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Rift Rivals struggles revealed Samsung Galaxy’s increasingly visible flaws

Rift Rivals struggled exposed problems Samsung Galaxy had for years.
Samsung Galaxy's play style has slowly changed -- and not in a good way. Photo courtesy of Riot Games.

Korean teams weren’t expected to lose at Rift Rivals, but the manners in which the region’s teams individually lost to their Chinese League of Legends Pro League counterparts weren’t surprising. SK Telecom T1, KT Rolster, Samsung Galaxy, and MVP all showcased the same strengths and weaknesses at Rift Rivals that they have exhibited throughout the 2017 League Champions Korea summer split.

Samsung Galaxy is a particularly interesting case because only recently have teams taken better advantage of cracks and flaws that have existed since the start of the summer split. Many of those opportunity areas are rooted in how the team was constructed and has evolved since last year.

When Jo “CoreJJ” Yong-in was announced as Samsung’s starting support over Kwon “Wraith” Ji-min against the Afreeca Freecs in last year’s regional playoffs, his arrival was met with no small amount of confusion. Samsung beating Afreeca was expected, but CoreJJ’s presence on the starting lineup was not.

Ask a Korean team why a specific player is starting over another and the answer, 90 percent of the time, will be scrim performance. It’s often just that simple: the team performs better with one player over another, therefore that player receives more starting time in the LCK. CoreJJ played three games for Samsung Galaxy during the summer split’s regular season. All three were losses, despite the fact that he was on comfort champions Zyra and Bard.

One of the primary reasons for CoreJJ’s lack of initial success had nothing to do with his individual play style and much more to do with veteran mid laner turned jungler, Kang “Ambition” Chan-yong.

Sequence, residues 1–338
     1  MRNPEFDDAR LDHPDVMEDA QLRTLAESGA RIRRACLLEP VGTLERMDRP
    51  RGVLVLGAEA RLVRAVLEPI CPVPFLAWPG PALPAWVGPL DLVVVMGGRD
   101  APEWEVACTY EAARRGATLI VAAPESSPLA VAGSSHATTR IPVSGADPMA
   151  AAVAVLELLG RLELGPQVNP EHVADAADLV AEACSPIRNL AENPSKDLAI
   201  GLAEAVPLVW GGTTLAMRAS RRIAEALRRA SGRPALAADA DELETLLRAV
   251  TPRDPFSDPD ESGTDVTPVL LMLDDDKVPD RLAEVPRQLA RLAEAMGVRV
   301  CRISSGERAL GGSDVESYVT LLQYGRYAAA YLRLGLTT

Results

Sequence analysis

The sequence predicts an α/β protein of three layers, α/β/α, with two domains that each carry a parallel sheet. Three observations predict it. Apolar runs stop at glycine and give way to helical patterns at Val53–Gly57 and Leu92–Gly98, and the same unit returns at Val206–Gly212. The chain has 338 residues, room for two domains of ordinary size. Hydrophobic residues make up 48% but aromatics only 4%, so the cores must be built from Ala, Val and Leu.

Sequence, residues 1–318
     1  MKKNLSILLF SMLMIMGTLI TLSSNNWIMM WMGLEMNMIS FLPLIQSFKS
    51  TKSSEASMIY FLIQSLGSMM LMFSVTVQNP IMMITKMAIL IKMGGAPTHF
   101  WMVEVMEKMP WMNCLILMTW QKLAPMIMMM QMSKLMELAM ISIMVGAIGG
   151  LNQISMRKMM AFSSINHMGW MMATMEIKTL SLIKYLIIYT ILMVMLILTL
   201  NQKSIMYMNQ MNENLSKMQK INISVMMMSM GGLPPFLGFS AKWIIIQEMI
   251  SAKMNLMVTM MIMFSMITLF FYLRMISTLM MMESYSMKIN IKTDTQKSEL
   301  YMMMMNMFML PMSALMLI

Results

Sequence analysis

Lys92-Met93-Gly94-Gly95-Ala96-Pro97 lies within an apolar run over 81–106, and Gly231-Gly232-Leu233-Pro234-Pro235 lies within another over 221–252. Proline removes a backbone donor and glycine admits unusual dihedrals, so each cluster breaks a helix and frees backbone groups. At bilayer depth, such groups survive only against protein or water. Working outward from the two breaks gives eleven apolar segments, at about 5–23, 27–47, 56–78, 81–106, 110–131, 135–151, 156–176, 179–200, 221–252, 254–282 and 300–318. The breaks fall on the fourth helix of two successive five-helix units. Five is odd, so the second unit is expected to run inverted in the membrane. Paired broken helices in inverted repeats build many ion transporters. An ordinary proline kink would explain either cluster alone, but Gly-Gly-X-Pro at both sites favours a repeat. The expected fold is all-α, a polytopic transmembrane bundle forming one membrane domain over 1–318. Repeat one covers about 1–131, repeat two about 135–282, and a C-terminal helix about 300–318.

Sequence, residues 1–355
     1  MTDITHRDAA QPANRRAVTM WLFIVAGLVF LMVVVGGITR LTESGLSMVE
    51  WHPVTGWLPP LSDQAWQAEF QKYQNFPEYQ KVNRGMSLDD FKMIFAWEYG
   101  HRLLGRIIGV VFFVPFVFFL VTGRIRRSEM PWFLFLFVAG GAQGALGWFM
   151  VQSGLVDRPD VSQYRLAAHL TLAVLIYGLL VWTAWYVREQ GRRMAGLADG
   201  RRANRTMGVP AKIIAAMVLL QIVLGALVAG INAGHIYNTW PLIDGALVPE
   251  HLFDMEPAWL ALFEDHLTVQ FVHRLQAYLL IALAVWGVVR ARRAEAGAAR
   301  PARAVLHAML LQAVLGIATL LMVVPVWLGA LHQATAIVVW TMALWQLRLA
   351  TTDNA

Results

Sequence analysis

Ambition learned to jungle while on CJ Entus in 2015 somewhat out of necessity, much like KT Rolster’s Go “Score” Dong-bin. His jungling style that year defaulted to making him another laner, and he was particularly strong on prior mid lane favorites like Gragas and Nidalee. But his approach was easily exploitable. With his pathing devoid of creativity and trouble with routine vision rotations, Ambition arrived at Samsung an experienced player but a mediocre jungler.

Wraith changed that.

Much like the arrival of supports Jeong “Fixer” Jae-woo and Lee “Piccaboo” Jong-beom did for Score on KT Rolster, Ambition had a new ally in Wraith, who frequently roamed to support Ambition with vision placement, guiding him through the jungle. When CoreJJ started over Wraith, that aspect of Ambition’s improved jungle performance faltered. As a result, the team as a whole appeared lost.

It looked as if the CoreJJ experiment was over until he reappeared in the regional gauntlet.

The rest is history. CoreJJ and Samsung beat not only Afreeca, but upset KT Rolster and qualified for the League of Legends World Championship. Ruler and CoreJJ are a strong duo, and CoreJJ is an extremely lane dominant support who helps guide Ruler in lane. It’s a different play style for the team than when Wraith helped guide Ambition, but for his part, Ambition has grown into a strong jungler who no longer requires assistance from a smart, roaming support like Wraith. Although his more optimistic jungle invades are still frequently punished, Ambition understands how to communicate with his lanes and use pressure, all while maintaining the farm-focused style he developed on CJ Entus.

Lane-focused supports have dominated the League of Legends meta since the 2016 Mid-Season Invitational, and they only recently began to decline in popularity. With that, the strength of Samsung’s bot lane has faltered.